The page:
Amazon Web Services Inc. is lowering the barrier to entry for machine learning with the launch of its new Amazon Redshift ML service, which it made available starting today.
Amazon Redshift ML enables you to build, train, and deploy machine learning models using basic structured query language commands. It works in tandem with Amazon SageMaker, the company’s fully managed machine learning service, so users don’t need to move their data first.
The service is built on Amazon Redshift, a fully managed cloud-based data warehouse service that has already proven to be hugely popular. With Amazon Redshift, users can use SQL to query and combine huge amounts of structured and semi-structured data fed into it from the various databases and applications they use.
Although Amazon Redshift makes data analysis easier, it has always been much more difficult to use the data it contains to train machine learning models, AWS Evangelist Danilo Poccia said in a blog post. .
“What if you wanted to go one step further and process that data to train ML models and use those models to generate insights from the data in your warehouse?” ” He asked. “Previously, you had to export training data from Amazon Redshift to an Amazon Simple Storage Service bucket, then configure and start a machine learning training process. This process required many different skills and usually more than one person to complete. “
Amazon Redshift ML makes life easier because it allows businesses to use SQL statements to build and train models using Redshift data, and then use those models for a range of use cases, including prediction. opt-out or fraud risk assessment, Poccia said.
It works by automatically finding the best model and then tuning it based on the training data available using Amazon SageMaker Autopilot. Users can also select a specific model type if they wish. Users then set their parameters and the service will automatically build, train and deploy the model on the Redshift data.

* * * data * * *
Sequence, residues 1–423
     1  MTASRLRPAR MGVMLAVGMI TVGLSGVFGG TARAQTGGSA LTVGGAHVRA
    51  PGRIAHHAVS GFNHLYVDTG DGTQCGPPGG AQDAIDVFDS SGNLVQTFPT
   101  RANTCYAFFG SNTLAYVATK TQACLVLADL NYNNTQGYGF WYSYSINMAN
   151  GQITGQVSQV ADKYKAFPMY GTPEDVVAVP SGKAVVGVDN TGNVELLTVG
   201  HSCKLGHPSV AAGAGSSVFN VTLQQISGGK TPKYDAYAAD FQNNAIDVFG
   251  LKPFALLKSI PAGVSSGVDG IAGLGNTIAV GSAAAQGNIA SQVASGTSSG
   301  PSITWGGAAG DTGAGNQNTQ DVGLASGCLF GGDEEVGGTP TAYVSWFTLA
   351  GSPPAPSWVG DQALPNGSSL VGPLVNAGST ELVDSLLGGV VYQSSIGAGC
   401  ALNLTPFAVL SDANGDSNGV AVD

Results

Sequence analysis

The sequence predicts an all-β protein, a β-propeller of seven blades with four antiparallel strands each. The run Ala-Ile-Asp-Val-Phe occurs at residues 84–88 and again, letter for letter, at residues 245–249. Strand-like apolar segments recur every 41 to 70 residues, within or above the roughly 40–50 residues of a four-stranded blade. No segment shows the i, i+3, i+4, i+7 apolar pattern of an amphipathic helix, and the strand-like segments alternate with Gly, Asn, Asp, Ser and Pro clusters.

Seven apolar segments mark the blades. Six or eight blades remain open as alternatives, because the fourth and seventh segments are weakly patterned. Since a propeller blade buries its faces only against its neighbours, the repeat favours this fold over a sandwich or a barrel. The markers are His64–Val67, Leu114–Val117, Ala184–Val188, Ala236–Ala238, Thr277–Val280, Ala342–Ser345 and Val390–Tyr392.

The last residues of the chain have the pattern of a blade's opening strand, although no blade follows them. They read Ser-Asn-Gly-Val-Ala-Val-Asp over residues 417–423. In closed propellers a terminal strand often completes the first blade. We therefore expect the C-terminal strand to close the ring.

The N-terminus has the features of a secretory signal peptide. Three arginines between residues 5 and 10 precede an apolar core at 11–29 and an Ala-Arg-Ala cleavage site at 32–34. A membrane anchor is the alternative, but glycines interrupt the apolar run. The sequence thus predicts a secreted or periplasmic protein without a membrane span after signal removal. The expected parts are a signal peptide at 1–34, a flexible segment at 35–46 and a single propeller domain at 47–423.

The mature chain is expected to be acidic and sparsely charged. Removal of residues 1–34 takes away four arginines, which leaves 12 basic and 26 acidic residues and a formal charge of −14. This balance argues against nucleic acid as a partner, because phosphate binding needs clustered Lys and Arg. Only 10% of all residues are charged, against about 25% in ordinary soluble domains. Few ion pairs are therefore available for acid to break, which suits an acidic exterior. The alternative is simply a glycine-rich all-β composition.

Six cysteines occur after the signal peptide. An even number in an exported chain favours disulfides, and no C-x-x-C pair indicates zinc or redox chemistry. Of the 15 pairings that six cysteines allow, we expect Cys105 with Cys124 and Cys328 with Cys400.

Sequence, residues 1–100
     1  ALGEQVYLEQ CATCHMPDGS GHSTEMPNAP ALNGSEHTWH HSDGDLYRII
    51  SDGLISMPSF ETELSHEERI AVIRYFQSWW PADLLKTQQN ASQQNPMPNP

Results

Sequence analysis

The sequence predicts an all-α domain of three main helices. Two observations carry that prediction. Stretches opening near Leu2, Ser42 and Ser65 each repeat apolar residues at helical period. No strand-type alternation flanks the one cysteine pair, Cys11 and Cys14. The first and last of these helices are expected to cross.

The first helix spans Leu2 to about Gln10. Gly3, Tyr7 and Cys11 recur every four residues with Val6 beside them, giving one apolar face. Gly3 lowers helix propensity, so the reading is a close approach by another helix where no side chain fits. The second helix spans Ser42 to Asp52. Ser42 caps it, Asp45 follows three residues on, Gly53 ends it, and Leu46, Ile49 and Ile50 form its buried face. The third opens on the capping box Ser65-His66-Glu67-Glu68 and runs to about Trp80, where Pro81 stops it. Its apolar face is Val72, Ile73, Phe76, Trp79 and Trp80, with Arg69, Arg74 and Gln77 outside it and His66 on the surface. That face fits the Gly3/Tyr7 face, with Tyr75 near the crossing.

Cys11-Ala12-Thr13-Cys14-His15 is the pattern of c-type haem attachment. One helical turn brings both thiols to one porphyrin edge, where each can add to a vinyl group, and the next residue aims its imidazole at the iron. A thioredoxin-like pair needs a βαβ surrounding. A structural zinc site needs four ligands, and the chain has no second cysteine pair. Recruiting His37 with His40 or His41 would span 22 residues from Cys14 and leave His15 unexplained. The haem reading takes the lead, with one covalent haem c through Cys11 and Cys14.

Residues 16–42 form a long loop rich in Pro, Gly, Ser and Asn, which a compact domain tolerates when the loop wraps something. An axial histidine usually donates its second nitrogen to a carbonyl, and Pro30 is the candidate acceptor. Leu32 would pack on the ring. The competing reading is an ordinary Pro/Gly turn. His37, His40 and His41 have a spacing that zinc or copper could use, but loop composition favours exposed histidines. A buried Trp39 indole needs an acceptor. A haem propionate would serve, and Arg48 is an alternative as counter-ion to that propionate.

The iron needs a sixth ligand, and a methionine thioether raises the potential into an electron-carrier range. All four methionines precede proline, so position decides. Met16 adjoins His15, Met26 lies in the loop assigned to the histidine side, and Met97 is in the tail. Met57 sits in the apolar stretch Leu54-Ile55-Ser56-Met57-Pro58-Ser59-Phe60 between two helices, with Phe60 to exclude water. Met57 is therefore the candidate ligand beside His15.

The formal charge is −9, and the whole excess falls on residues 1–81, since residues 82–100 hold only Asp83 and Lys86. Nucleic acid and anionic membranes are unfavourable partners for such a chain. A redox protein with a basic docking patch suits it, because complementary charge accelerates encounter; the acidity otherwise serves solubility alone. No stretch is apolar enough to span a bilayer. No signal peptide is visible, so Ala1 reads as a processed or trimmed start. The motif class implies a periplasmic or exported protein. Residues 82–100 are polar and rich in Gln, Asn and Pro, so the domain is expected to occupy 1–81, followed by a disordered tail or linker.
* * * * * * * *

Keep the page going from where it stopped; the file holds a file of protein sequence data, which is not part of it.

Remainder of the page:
“You can get predictions from these models trained using SQL queries as if you were calling a user-defined function and take advantage of all the benefits of Amazon Redshift, including massively parallel processing capabilities. Poccia said. “You can also import your pre-trained SageMaker Autopilot, XGBoost, or MLP models into your Amazon Redshift cluster for local inference.”
Constellation Research Inc. analyst Holger Mueller said he believed three trends shaped Amazon’s launch of Amazon Redshift ML. The first and most obvious, he said, is that there aren’t enough data scientists in the world to create all the artificial intelligence and machine learning models it needs. The easiest way to get around this problem is for AI and machine learning to be done by developers who are familiar with SQL, he explained.
“Second, successful machine learning and AI must be close to the data they use, hence the integration with the Amazon Redshift database,” Mueller said.
The third trend noted by Mueller is that Amazon has recently created a number of high profile offerings aimed at making it easier for developers and other customers to use some of the more complex services it provides.
“Amazon is doing it here too, bringing Redshift together with SageMaker and its Neo function which creates the SQL for a machine learning model,” Mueller explained. “These are all key advancements for companies that want to accelerate their business processes and become more agile.”
Amazon said Amazon Redshift ML leverages existing cluster resources for its predictions, which means customers don’t have to worry about additional charges. When creating a model in Amazon Redshift, they only have to pay the associated SageMaker costs, the company added.
Amazon Redshift ML is now available in US East (Ohio), US East (N. Virginia), US West (Oregon), US West (San Francisco), Canada (Central), Europe (Frankfurt), Europe (Ireland ), Europe (Paris), Europe (Stockholm), Asia-Pacific (Hong Kong), Asia-Pacific (Tokyo), Asia-Pacific (Singapore), Asia-Pacific (Sydney) and South America (São Paulo) Regions.
Photo: Tony Webster / Flickr
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